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11 Investment Must Reads for This Week

The push to develop products for the wealth channel has raised concerns about how asset managers are selecting investments for these funds vs. their traditional vehicles, reports Pitchbook. The inclusion of a stock in an ETF can improve its underlying pricing, according to research featured in UCLA Anderson Review. These are among the investment must reads we found this week for wealth advisors.

  1. Amid private wealth push, investors raise concerns about cherry-picking “This places these new LPs at a disadvantage relative to institutional investors, family offices and the ultra high-net-worth channel in ensuring that cherry-picking isn’t affecting them.” (Pitchbook)
  2. ETFs vs. Mutual Funds: The Benefits That Really Matter “Investors can trade ETFs like stocks: They can go long ETF shares, sell them short, buy them on margin, buy and sell options on them, and lend them to others to collect a fee. This versatility can draw in a diverse investor base, which aids ETFs’ robust liquidity ecosystem.” (Morningstar)
  3. Inclusion in an ETF Can Improve the Pricing of Underlying Stocks “They find that companies with higher ETF ownership of their stock are more influenced by a metric called Tobin’s Q, which compares the market value of their firm to their asset replacement costs, when making decisions about capital expenditures. They also report that the type of ETF that holds a company’s stock is an important factor in this influence.” (UCLA Anderson Review)
  4. Non-Listed BDCs Finish 2023 Strong, Still Trail Listed Counterparts “Non-listed business development companies had a combined aggregate net asset value of $60.8 billion, a year-over-year increase of nearly 50%. The Stanger NL BDC Total Return Index – heavily credit-focused – hit an all-time high, growing 2.9% in the fourth quarter of 2023 and 10.8% overall for the year.” (The DI Wire)
  5. Wealth managers weigh up balanced portfolios “Fearing a similar event from a populist administration in the US, Pictet discourages going longer than five years in Treasury durations. The Swiss bank also expects devaluation of dollar-denominated assets if the independence of the US Federal Reserve is once more called into question by an incoming administration.” (PWM)
  6. Hedge fund billionaire Bill Ackman to launch a NYSE-listed fund for regular investors “Unlike traditional hedge funds that typically charge a 2% management fee on the total assets under management plus a performance fee of 20% of the fund’s profits, Ackman’s new fund doesn’t have a performance fee in place. Ackman is waiving the management fee for the first 12 months and after the first year will charge a flat 2% fee.” (CNBC)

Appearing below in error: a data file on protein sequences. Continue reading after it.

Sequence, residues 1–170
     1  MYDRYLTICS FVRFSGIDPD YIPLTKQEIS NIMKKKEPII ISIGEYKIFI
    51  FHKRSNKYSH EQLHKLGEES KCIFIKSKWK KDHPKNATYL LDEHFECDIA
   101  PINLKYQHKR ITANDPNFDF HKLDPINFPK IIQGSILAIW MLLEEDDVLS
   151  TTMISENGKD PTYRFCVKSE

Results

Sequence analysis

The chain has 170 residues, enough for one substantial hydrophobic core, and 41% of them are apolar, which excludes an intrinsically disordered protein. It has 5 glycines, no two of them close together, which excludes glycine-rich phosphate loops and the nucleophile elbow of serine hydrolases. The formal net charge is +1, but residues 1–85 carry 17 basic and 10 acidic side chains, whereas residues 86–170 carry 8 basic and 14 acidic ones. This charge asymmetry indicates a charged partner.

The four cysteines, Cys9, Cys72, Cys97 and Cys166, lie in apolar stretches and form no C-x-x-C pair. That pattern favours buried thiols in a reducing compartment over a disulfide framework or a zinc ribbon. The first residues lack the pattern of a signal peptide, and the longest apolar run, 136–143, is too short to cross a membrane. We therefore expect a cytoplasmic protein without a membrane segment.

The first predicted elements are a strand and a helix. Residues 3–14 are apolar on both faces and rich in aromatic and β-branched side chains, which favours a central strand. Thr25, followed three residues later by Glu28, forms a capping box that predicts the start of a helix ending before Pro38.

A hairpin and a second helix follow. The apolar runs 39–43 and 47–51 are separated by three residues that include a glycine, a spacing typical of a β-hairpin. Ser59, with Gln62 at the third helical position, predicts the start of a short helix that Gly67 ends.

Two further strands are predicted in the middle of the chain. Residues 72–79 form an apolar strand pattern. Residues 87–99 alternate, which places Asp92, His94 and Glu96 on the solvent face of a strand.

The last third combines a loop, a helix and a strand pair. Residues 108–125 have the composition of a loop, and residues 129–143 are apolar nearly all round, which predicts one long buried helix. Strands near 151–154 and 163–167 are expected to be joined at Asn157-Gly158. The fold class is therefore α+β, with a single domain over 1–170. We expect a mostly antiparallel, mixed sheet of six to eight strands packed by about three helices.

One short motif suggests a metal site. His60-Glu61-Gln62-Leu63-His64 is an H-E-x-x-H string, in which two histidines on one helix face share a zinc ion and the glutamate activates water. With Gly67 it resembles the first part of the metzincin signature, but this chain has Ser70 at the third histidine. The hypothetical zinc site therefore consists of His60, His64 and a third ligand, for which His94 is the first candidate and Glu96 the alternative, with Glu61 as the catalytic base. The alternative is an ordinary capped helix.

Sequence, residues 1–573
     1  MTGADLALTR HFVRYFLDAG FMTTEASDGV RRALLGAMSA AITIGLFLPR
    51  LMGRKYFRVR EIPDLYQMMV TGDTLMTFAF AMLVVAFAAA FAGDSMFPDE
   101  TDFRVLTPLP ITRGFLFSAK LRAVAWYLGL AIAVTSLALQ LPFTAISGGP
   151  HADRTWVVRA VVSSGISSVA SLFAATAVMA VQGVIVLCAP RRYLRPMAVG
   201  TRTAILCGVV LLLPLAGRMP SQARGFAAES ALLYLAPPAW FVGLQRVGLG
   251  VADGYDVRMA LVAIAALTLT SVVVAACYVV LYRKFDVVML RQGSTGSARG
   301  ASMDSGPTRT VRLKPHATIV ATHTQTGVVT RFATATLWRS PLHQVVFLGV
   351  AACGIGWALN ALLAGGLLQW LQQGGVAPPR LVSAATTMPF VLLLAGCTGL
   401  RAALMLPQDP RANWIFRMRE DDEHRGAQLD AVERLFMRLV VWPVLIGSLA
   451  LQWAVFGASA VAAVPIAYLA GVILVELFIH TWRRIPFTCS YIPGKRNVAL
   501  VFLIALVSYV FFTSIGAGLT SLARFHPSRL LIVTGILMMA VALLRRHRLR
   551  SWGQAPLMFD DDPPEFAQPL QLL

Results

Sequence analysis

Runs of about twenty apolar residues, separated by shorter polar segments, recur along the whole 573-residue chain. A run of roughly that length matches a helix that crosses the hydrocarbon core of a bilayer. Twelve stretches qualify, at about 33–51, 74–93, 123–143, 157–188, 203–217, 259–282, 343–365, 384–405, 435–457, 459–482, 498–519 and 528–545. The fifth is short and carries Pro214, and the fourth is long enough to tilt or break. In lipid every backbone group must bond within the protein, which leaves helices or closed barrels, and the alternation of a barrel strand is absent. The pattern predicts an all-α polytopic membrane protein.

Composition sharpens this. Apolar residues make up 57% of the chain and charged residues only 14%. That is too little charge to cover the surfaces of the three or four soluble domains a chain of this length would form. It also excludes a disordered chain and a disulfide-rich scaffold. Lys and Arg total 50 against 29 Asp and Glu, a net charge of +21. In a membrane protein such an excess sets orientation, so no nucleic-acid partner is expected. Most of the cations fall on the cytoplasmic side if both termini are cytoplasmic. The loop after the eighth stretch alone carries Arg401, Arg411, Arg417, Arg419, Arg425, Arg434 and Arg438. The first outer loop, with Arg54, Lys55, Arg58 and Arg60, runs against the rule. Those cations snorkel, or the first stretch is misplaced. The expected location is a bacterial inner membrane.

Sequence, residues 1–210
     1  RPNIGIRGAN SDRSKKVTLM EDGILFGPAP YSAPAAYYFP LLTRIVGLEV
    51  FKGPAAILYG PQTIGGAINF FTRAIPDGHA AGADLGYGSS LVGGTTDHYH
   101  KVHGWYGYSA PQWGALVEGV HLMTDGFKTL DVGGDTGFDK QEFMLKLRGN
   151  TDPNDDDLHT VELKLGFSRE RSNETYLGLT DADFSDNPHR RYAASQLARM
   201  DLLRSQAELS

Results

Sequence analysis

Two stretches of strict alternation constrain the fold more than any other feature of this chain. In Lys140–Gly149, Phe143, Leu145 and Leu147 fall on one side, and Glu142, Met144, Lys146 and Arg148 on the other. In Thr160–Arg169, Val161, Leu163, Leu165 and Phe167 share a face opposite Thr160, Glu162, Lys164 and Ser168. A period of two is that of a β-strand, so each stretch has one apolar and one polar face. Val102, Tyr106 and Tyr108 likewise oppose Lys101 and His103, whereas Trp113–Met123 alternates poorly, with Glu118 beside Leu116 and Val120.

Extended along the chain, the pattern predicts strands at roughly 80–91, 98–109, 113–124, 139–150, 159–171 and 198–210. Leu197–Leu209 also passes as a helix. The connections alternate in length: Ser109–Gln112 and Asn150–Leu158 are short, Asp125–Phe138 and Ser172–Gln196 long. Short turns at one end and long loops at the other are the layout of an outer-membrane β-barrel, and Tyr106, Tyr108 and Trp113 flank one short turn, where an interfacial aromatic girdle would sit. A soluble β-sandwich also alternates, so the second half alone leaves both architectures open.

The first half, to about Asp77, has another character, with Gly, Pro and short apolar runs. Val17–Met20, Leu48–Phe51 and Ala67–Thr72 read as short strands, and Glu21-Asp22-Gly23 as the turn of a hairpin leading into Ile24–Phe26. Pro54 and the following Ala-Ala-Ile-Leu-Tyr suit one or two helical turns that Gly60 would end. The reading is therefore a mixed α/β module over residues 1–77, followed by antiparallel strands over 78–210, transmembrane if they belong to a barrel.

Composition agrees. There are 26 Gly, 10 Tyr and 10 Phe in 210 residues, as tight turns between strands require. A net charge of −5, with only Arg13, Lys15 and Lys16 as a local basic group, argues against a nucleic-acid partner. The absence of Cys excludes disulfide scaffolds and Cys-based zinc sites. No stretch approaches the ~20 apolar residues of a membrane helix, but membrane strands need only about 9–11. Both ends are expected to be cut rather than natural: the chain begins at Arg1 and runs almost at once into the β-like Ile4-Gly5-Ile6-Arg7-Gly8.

7. Alts industry voices concern as SEC Dealer Rule adopted “Trade bodies representing hedge funds and other alternative asset managers fear the Securities and Exchange Commission’s far-reaching new Dealer Rule will see certain funds and strategies erroneously labeled as securities dealers and hamper their activities.” (Alternatives Watch)
  8. Private wealth clients increasingly turning to outsourced chief investment officers “The demand from private wealth clients for outsourced chief investment officers (OCIOs) has grown in recent years due to market volatility, recruiting challenges and higher inflation.” (Crain Currency)
  9. ETF Provider Global X Suffers Flurry of Executive Departures “The exodus has raised concerns among Global X employees about the growing influence of its South Korean parent company and a clash of two different cultures, according to people familiar with the matter. Global X was acquired by asset-management giant Mirae Asset Global Investments in 2018.” (The Wall Street Journal)
  10. Stocks and bonds diverge as investors worry less about inflation “The shift is likely to come as a relief to the many investors holding forms of the so-called “60/40” portfolio, which allocates 60 per cent to stocks and 40 per cent to bonds and is designed to lower risk and provide diversification during market shocks.” (Financial Times)
  11. Using Private Client Investment Data As Reality Check “Indeed, the central concept behind the design of the ARC suite of private client and charity indices was the notion that investors are interested in outputs rather than inputs. Thus, there are no pre-set asset allocations; no asset class restrictions; no concentration limits; and no index performances used.” (Wealth Briefing)
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